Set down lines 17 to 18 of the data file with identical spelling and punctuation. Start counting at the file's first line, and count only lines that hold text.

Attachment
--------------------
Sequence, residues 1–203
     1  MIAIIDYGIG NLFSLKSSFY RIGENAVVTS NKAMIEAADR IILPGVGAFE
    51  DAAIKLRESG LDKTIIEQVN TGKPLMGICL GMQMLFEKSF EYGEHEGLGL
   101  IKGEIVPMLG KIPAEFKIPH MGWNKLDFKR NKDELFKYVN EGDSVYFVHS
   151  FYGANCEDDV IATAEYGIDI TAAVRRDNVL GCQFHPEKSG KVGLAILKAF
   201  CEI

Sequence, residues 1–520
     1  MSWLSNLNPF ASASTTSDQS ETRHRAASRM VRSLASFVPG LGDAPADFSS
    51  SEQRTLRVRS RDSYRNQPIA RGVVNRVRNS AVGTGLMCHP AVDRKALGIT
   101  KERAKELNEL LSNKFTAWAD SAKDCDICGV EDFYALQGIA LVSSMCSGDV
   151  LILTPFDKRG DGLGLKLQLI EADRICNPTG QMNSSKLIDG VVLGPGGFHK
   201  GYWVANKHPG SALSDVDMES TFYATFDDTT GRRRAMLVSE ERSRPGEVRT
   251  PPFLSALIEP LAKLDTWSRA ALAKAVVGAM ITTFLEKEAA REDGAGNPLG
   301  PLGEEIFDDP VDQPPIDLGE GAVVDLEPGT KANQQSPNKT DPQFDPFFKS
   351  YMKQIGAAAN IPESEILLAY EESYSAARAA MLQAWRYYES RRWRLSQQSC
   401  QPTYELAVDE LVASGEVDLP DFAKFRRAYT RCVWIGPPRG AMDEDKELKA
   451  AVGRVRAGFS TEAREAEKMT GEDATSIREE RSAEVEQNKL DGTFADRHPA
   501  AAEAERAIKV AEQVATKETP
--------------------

   451  AVGRVRAGFS TEAREAEKMT GEDATSIREE RSAEVEQNKL DGTFADRHPA
   501  AAEAERAIKV AEQVATKETP